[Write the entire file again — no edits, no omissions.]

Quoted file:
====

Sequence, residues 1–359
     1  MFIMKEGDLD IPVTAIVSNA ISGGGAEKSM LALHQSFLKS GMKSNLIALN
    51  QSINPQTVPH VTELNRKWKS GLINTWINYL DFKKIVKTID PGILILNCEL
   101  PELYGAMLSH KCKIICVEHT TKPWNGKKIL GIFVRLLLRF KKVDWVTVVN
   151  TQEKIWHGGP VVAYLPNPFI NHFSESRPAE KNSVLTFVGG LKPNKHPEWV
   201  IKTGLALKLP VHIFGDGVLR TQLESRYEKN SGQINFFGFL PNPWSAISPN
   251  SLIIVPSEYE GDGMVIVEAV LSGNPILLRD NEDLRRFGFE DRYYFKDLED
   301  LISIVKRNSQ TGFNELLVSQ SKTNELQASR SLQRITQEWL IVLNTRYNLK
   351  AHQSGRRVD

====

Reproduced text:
Sequence, residues 1–359
     1  MFIMKEGDLD IPVTAIVSNA ISGGGAEKSM LALHQSFLKS GMKSNLIALN
    51  QSINPQTVPH VTELNRKWKS GLINTWINYL DFKKIVKTID PGILILNCEL
   101  PELYGAMLSH KCKIICVEHT TKPWNGKKIL GIFVRLLLRF KKVDWVTVVN
   151  TQEKIWHGGP VVAYLPNPFI NHFSESRPAE KNSVLTFVGG LKPNKHPEWV
   201  IKTGLALKLP VHIFGDGVLR TQLESRYEKN SGQINFFGFL PNPWSAISPN
   251  SLIIVPSEYE GDGMVIVEAV LSGNPILLRD NEDLRRFGFE DRYYFKDLED
   301  LISIVKRNSQ TGFNELLVSQ SKTNELQASR SLQRITQEWL IVLNTRYNLK
   351  AHQSGRRVD